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Listings

: MESSIAEN

La Nativihe du Seigneur Books 3 and 4 Les anges
Jesus accepte la souffranco Les Mages
Dieu parmi nous played by Arnold Richardson (organ)
From the French Church
Leicester Square, London
Second of two programme*

Contributors

Played By: Arnold Richardson

: THE SCHOOL OF NIGHT

by H. A. L. CRAIG
'The School of Night* was Shakespeare's nickname for an Elizabethan literary group founded by Sir Walter Ralegh. Among its members were such nobles as the Earl of Northumberland (known as The Wizard Earl') and such poets as Marlowe and Chapman. Under the tutelage of Thomas Harriot , the mathematician, they studied theology, astronomy, philosophy, geography, and chemistry. with John Rye
Arthur Lawrence and Nicholas Edmett
Production by Douglas CLAVERDON : third broadcast followed by an interlude at 7.25

Contributors

Unknown: Sir Walter Ralegh.
Unknown: Thomas Harriot
Unknown: John Rye
Unknown: Arthur Lawrence
Unknown: Nicholas Edmett
Production By: Douglas Claverdon
Sir Walter Ralegh: John Neville
The Earl of Northumberland: Denys Blakelock
Dr Thomas Harriot: Roger Delgado
Dr John Dee: Norman Shelley
Kelly: Patrick Magee
Matthew Royden: Harold Reese
Peasie Charles: E Stidwill
Doll: Vivienne Chatterton

: SYMPHONY CONCERT

from the Norwich Triennial Musical Festival
BBC Symphony Orchestra Leader, Paul Beard
Conductor, Rudolf Schwarz
Part 1 first performance conducted by the composer See page 4

Contributors

Conductor: Rudolf Schwarz

: THE JAWS OF THE DOG

Short story written and read by Gary Berger Goldhill
* Dang! The Town Hall clock strike* the first note of the half-hour. And time stops..... Now is the time of the dog.'

Contributors

Read By: Gary Berger Goldhill

: SYMPHONY CONCERT

Part 2

: UNIVERSITIES TODAY AND TOMORROW

A series of four programmes
In the years 1950-65 universities throughout the world will have grown faster and more widely than ever before. This series examines some aspects of British universities today, considers the need for expansion, how it is to be carried out, and some of the problems that arise.
1: A Provocation of Universities
An introductoryi talk by Sir Eric Ashby
Master of Clare College, Cambridge
Problems of Expansion: June 3

Contributors

Talk By: Sir Eric Ashby

: PURCELL

New York
Pro Musioa Antiqua
Russell Oberlin (counter-tenor) Paul Maynard (harpsichord)
Seymour Barab (viola da gamba)
Love thou canst hear tho' thou art
.blind
Ah! how sweet It is to love Music for a while
Turn then thine eyes Sweeter than roses on a gramophone record

Contributors

Harpsichord: Paul Maynard
Viola: Seymour Barab

: PROKOFIEV'S SECOND THOUGHTS

Illustrated talk by Jeremy Noble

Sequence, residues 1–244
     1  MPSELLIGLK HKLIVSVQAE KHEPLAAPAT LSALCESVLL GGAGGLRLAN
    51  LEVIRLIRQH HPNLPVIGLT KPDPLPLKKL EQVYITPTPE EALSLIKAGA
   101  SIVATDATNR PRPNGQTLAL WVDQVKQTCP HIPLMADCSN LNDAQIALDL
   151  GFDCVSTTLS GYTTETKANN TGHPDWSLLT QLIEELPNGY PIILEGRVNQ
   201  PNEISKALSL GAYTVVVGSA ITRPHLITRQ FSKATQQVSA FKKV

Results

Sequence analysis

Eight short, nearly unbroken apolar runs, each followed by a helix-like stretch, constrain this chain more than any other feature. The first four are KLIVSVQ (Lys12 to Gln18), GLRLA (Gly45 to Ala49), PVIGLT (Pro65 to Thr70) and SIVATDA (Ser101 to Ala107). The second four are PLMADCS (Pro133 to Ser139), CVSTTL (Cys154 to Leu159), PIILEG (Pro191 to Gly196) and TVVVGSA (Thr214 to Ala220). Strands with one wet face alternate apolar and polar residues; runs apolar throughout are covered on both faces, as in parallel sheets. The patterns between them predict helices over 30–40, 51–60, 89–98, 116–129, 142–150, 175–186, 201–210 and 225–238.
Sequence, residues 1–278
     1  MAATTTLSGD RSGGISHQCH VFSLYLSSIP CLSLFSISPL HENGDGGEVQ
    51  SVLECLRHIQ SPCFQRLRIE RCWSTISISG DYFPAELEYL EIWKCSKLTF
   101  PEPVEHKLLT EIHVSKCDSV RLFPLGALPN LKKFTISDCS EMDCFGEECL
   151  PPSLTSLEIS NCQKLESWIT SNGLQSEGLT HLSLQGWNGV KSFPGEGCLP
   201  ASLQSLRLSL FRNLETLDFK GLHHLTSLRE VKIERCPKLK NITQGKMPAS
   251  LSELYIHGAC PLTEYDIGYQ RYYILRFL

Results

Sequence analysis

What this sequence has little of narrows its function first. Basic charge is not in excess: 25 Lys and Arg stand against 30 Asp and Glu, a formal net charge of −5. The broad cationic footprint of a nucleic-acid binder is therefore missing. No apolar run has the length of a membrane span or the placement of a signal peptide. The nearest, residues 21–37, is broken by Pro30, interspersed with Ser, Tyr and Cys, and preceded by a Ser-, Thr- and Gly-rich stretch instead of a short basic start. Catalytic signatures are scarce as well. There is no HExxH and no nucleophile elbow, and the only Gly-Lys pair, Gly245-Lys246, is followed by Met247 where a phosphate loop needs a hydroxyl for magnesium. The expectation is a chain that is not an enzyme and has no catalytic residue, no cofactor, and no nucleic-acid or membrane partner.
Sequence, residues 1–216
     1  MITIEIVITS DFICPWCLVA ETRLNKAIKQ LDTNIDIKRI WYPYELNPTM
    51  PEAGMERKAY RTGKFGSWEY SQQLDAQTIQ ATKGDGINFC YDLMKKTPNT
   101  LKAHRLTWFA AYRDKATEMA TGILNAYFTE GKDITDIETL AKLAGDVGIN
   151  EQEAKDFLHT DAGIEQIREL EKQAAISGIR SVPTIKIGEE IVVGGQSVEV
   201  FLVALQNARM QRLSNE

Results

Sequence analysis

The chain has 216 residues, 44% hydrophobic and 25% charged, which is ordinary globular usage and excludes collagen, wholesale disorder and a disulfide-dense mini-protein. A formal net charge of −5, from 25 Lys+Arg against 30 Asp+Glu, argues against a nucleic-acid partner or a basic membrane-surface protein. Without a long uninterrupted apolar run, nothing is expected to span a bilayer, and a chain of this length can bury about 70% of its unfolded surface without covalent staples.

In later life Prokofiev revised a number of his works including the Fourth Symphony, the Fifth Piano Sonata, and the Cello Concerto. Jeremy Noble talks in particular about the Cello Concerto whose material was recast in the Sinfonia Concertante, and examines the light this throws on Prokofiev's changing ideals as a composer.
See Tuesday at 10.25

Contributors

Talk By: Jeremy Noble
Talks: Jeremy Noble

: Closedown









About this project

This site contains the BBC listings information which the BBC printed in Radio Times between 1923 and 2009. You can search the site for BBC programmes, people, dates and Radio Times editions.

We hope it helps you find information about that long forgotten BBC programme, research a particular person or browse your own involvement with the BBC.

Through the listings, you will also be able to use the Genome search function to find thousands of radio and TV programmes that are already available to view or listen to on the BBC website.

There are more than 5 million programme listings in Genome. This is a historical record of the planned output and the BBC services of any given time. It should be viewed in this context and with the understanding that it reflects the attitudes and standards of its time - not those of today.

To read scans of the Radio Times magazines from the 1920s, 30s, 40s and 50s, you can navigate by issue.

Welcome to BBC Genome

Genome is a digitised version of the Radio Times from 1923 to 2009 and is made available for internal research purposes only. You will need to obtain the relevant third party permissions for any use, including use in programmes, online etc.

This internal version of Genome, which includes all the magazine covers, images and articles as well as the programme listings from the Radio Times, is different to the version of BBC Genome that is available externally/to the public. It is only available inside the BBC network.

Your use of this version of Genome is covered by the BBC Acceptable Use of Information Systems Policy and these terms.

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